Winchester Redux, 2004
still from DVD with sound for plasma or projection
5 minute continuous loop
Gift of Polly and Mark Addison to the Polly and Mark Addison Collection, CU Art Museum, University of Colorado at Boulder. 2006.42.1a-c
Image courtesy of Kinz, Tillou + Feigen Gallery, NY
The Boulder Museum of Contemporary Art recently exhibited a selection of video art from the CU Art Museum’s Video Collection. The exhibition, curated by Lisa Tamiris Becker was called “In and Out of Time.”
As a whole, the exhibit included hits and misses and other than being a selection of video art, it didn’t seem to add up to more than the parts. That said, there are some fine works in the CU Art Museum’s Video Collection: Dan Boord and Luis Valdovino, Mary Lucier, Diana Thater, Gary Emrich, Rick Silva and my personal favorite, a luscious moving painting by Jeremy Blake.
I confess, I knew little about Blake’s work before he walked into the Atlantic Ocean in 2007 and ended his life. I’d heard the name, but we have little access to video art here in the remote Southwest. Blake’s work is a hybrid version of painting and digital art, it is computer graphics morphed onto film, a kaleidescope of abstraction with a narrative story line. It is painted cinema and the cinema of painting.
Blake’s “Winchester Redux, 2004” is a 5 minute continuous loop and was a gift of Polly and Mark Addison to their self named collection at the CU Art Museum. “Winchester” is a paranoid visual trilogy exploring the Victorian mansion built by Sarah Winchester, the heir to the Winchester rifle fortune. A monument to private despair, the 160 room mansion was her attempt to ward off the ghosts of her families legacy.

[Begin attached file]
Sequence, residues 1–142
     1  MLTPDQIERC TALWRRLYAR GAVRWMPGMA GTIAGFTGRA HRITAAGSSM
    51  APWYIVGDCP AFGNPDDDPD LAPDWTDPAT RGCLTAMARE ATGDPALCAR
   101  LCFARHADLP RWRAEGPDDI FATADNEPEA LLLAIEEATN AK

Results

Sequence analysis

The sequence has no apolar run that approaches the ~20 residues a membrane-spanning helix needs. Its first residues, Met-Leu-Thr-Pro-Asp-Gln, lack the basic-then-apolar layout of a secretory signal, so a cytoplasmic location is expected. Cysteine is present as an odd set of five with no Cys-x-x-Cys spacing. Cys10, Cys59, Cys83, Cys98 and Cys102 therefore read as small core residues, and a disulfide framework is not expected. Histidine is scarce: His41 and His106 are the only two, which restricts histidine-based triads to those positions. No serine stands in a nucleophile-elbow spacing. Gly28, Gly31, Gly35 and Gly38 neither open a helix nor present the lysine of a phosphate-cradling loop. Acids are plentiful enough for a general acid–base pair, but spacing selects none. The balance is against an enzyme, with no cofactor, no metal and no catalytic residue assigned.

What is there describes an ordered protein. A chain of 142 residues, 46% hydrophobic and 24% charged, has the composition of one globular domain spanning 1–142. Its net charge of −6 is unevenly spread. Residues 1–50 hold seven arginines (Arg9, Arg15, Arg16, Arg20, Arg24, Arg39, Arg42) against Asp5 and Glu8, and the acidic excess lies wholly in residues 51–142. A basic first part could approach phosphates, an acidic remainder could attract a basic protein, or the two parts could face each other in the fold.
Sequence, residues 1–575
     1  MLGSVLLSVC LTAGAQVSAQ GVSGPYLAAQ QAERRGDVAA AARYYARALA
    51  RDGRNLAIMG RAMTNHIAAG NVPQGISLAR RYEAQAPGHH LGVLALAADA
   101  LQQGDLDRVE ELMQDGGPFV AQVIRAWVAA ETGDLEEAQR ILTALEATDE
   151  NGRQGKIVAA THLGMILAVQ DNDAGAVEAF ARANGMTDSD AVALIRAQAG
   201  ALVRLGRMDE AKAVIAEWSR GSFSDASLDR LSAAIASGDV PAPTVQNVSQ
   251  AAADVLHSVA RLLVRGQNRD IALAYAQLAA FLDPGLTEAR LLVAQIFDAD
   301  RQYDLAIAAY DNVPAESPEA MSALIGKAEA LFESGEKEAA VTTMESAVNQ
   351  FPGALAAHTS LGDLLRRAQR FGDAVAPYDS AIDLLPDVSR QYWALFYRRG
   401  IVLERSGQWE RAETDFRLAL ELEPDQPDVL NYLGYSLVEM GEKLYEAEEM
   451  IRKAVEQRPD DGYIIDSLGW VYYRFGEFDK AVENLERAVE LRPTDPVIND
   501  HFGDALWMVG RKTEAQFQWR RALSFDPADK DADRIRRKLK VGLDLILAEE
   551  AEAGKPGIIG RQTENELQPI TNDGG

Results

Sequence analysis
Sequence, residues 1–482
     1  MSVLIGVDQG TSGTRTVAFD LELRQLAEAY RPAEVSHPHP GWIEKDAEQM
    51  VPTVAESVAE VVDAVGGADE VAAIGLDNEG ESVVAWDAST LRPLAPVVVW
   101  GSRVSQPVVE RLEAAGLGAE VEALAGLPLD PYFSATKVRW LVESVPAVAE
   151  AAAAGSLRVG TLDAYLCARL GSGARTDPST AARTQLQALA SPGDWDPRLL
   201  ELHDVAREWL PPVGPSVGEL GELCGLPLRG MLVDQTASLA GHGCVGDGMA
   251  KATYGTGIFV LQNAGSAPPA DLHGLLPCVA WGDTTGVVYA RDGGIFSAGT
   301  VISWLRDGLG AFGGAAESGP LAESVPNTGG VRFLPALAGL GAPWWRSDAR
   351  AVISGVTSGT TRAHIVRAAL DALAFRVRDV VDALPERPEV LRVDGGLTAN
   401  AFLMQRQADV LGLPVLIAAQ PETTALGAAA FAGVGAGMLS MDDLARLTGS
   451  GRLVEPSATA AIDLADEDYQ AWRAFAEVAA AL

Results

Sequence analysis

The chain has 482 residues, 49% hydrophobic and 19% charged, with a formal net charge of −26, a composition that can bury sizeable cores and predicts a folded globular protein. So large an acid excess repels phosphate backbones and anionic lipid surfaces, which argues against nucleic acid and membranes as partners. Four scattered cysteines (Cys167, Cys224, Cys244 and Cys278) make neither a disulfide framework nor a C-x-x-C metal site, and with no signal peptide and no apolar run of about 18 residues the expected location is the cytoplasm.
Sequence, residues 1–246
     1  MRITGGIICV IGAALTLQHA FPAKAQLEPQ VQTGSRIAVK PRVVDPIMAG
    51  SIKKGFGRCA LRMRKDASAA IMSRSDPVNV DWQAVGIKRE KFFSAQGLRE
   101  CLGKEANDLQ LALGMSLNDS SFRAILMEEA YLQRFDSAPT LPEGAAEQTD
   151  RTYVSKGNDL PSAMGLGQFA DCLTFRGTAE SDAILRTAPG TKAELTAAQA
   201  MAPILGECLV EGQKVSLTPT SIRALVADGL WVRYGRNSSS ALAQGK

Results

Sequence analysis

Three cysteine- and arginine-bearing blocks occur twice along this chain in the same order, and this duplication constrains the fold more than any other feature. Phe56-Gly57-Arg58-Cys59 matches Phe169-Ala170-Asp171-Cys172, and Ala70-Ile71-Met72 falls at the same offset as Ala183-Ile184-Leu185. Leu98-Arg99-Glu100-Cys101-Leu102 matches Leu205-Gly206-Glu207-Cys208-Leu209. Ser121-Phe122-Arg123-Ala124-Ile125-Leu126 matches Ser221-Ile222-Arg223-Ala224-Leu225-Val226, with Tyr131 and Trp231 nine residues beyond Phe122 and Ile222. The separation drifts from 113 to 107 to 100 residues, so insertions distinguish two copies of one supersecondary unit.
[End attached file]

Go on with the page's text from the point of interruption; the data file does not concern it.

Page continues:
The piece is hypnotic and intense. It draws in the viewer with its beauty and color and then the illusion fades to a dark reality. A rohrschach test. The inner and outer worlds and parallel realities of the work are echoed in the tragic story of Blake and his lover Theresa Duncan. The artist himself claimed to be empathetic to the madness of Sarah Winchester. In 2007, Duncan killed herself and a week later Blake took a train from New York and walked into the ocean.
“My interest in the mansion is rooted in an understanding that the site is more than just a monument to one person’s eccentric fears–it is the tangible outcome of a pileup of social and historical narratives,” Blake writes in the catalog for “Winchester.”
More than a monument to one person’s eccentric fears, Blake’s lush digital painting is a pileup of social and historical narratives, mixed with a pileup of color and ever shifting imagery. A collection of cultural imagery and mythology and the relationship between physical and simulated reality in the digital age.
Blake’s work stole the show for me, but other work that continues to speak to me includes the 26-minute “Noah’s Raven, 1993” by Mary Lucier which is difficult to watch but explores figure and ground, body and landscape, breast reconstruction surgery and glaciers. A four way composite of color and B&W; images. And “Untitled from Edition for Parkett 60, 2000” by Diana Thater an endless loop featuring vividly colored screens, honeycombs, bees and sunflowers was also a visual feast.
Untitled from Edition for Parkett 60, 2000
still from DVD with endless loop
Gift of Polly and Mark Addison to the Polly and Mark Addison Collection, CU Art Museum, University of Colorado at Boulder, 2004.10ab.
© Parkett Publishers and Diana Thater
CU is in the process of building a new space for their collection and BMOCA is now undergoing its own reconfiguration to allow better access. Perhaps they would consider loaning the video collection to Fort Lewis College. It would be great for students to see and trace this new media collection. And, I really want to see the Jeremy Blake work again. It is elegiac.